NICOLA Sturgeon is facing new calls to cancel her multi-billion pound partnership with a Chinese company after it emerged that it is linked to illegal forced evictions in Africa.

Amnesty International named China Railway Group Ltd (CRG) and subsidiaries it controls in a damning report exposing human rights abuses related to the copper and cobalt mining industry in the Katanga region of the Democratic Republic of Congo.

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According to the globally respected charity, a community of 300 families was evicted from their homes in 2011 to make way for a mineral processing plant and dumped into "appalling" conditions, in an area with no schools, housing or any other facilities, stripping them of the livelihoods and leaving them living in makeshift tents. The displaced families told the charity's investigators they were each paid only between £70 and £205 in compensation.

The families said they were transported from their homes, after being given just two weeks notice, by trucks owned by The Congo International Mining Corporation (CIMCO), a CRG subsidiary, which was given rights to the site to build the plant.

China Railway No. 3 Engineering Group Co., Ltd, one of two Chinese construction and infrastructure giants to sign a formal memorandum of understanding (MoU) with the Scottish Government potentially worth £10 billion, is a wholly-owned subsidiary of CRG. It has already emerged that Norway's oil fund ditched its £26m stake in the parent firm after its ethics council warned of an "unacceptable risk that the company is involved in gross corruption".

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Opposition parties repeated their calls for the agreement, which was signed last month and was made public through reports in China, to be torn up immediately following the new revelations and claimed the country's reputation is being "dragged through the mud" as a result of the deal.

The MoU pledges that the parties will support each other with a view to seeing £10 billion invested in Scottish infrastructure including in housing, clean energy and transport projects.

Forced evictions are illegal under international human rights law and Amnesty International concluded that the practices in Congo "breached many of the core provisions" of accepted global standards. It added: "Those evicted were simply taken to a site and left there without adequate housing, access to water or other facilities, rendering them homeless and vulnerable to other human rights violations."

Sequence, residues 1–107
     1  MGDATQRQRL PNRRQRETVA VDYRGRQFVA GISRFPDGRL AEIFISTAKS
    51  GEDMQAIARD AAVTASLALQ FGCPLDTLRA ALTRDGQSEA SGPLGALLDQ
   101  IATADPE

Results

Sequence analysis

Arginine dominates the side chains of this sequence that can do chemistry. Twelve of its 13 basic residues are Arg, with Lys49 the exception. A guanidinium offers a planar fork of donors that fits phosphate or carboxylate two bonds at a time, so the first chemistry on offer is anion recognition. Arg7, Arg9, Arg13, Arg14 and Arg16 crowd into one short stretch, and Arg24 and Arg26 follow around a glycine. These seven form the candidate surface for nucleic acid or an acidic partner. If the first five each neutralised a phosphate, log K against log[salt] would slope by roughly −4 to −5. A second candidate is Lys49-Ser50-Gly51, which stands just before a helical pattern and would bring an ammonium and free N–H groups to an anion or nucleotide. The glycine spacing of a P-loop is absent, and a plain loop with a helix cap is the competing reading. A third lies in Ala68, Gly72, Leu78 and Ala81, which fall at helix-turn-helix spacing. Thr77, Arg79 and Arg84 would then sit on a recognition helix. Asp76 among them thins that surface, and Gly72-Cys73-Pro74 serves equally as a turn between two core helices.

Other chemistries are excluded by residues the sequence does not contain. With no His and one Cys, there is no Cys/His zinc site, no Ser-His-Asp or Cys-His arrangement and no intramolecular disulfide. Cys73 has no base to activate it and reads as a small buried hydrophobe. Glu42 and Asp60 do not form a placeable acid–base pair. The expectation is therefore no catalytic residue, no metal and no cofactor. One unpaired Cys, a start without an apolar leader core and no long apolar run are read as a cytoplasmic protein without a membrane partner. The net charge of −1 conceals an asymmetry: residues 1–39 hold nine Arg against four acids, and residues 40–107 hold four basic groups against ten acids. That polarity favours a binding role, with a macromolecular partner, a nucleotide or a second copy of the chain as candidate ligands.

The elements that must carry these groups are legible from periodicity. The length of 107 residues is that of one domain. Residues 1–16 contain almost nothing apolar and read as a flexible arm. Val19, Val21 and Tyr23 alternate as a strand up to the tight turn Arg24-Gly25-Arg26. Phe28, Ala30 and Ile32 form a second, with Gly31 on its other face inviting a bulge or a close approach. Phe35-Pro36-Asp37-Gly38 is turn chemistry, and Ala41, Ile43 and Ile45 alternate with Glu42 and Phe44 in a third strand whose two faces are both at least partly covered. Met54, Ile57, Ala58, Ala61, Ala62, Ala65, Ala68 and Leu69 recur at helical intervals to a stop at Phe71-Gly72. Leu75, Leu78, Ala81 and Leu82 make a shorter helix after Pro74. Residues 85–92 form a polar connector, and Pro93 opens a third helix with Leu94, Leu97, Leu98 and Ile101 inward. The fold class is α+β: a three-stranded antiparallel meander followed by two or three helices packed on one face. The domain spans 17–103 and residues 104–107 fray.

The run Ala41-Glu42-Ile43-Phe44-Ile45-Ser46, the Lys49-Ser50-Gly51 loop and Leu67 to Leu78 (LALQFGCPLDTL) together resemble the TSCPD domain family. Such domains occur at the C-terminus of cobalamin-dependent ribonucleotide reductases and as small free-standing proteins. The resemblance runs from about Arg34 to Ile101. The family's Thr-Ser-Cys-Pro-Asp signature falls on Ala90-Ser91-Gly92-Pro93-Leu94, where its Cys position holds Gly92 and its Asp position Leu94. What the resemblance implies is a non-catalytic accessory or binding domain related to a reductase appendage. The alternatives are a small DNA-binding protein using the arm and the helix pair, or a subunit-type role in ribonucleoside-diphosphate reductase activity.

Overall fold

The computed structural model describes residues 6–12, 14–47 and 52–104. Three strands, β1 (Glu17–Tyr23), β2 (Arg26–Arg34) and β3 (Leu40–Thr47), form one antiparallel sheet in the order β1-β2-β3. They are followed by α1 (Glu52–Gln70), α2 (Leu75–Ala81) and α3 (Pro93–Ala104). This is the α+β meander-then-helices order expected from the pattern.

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The charity reported that the CRG subsidiary had refused to respond to its questions, and said the allegation that company trucks were used to take the community from their homes to the bare site "raises serious questions about whether the company provided assistance to State agents to carry out forced evictions."

The report also states that another company, which was established by CRG, one of its subsidiaries and a mining company, used bulldozers and diggers to dig a large trench in 2012 that blocked a rural road, used for decades to fetch water, meaning what was previously a 15 to 20 minute journey took two hours. Attempts by local people to breach the trench led to a 25-year-old farmer being shot in the head by police.

The company, of which CRG is also the controlling shareholder, told Amnesty International that the trench was necessary to keep people off its land and dismissed suggestions from the charity of ways in which it could have made easier for people to access water.

Willie Rennie, the leader of the Scottish Liberal Democrats, said: "The last thing that the First Minister did before the election started was sign a £10bn deal with a business directly tied to allegations of corruption.

"The SNP have talked tough on tax avoidance and fair employment but they have rejected my calls to end government grants to companies who avoid tax or fail to pay the national living wage. Worse, they seem happy to get into bed with companies who have been blacklisted by the Norwegian oil fund and criticised by Amnesty International over their human rights record.

"This is not simply about Nicola Sturgeon's gross error of judgement. This SNP deal is dragging Scotland's reputation through the mud. The First Minister must shred this deal."

An SNP spokesman said that the agreement with the Chinese firms had been published and did not involve "agreed projects".

He added: "No investment has been confirmed and no deals have been agreed. The SNP Government would only enter into agreements which met procurement rules and which benefited the Scottish economy."